• It's good for us. Not only is it a fun thing and my kids think I'm the COOLEST mom ever taking them to The Yard, but it's also good for all of us! Mentally, for me, as a busy working out of the home mom, to get a break after work before rushing home for dinner, cleaning the house, laundry, etc. It's a great place to reconnect together after being apart at daycare, school, etc. and just PLAY and laugh! It's also physically healthy for the kids - so much exercise, running around, and feel-good endorphins running through them. It makes for a smoother, happier, calmer evening or to break up a long weekend day. 
  • Great place to make friends. I originally had a mommy group meeting there, so much fun! It was an awesome place for a variety of ages of children to interact together, and for we moms to chat while being able to see our kids at the same time.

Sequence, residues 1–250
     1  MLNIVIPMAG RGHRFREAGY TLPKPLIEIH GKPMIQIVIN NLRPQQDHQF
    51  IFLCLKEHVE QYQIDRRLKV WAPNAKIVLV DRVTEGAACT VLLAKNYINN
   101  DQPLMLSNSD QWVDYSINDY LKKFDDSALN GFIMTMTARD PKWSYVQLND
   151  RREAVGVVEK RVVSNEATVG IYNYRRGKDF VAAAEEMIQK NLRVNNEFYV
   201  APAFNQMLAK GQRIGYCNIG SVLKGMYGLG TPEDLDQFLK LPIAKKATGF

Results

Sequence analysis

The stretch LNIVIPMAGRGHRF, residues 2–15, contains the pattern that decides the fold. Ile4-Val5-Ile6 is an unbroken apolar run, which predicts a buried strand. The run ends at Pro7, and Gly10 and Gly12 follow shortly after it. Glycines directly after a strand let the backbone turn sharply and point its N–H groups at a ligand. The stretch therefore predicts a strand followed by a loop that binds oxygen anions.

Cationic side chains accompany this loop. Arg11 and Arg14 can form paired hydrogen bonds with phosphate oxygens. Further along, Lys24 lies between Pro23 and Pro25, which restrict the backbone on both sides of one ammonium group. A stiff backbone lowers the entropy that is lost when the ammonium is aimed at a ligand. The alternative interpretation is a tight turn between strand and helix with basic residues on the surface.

• Taking the outdoor IN. LOVE this more than anything. I literally feel like we're outside... minus the freezing temperatures or blinding sun. It's the best! An indoor playground?! Who'd have thought? Genius! 

The only minor challenge is finding the place the first time, but then you're GOOD to go,  I promise! I have found parking on Main Street every time, no issues there. The Yard is inside this big brick building - next to the Portland Pie Company (YUM!!!). If you look in the picture below, it's the first door on the building, in front of that blue/gray car. LOVE that it's in this cool building, so authentic and fun.

Just a little break from playing so hard! (below)

OK these roller coasters.... SERIOUS FUN! My kids LOVE them! I'm so glad my 5 year old can still use them, he's obsessed.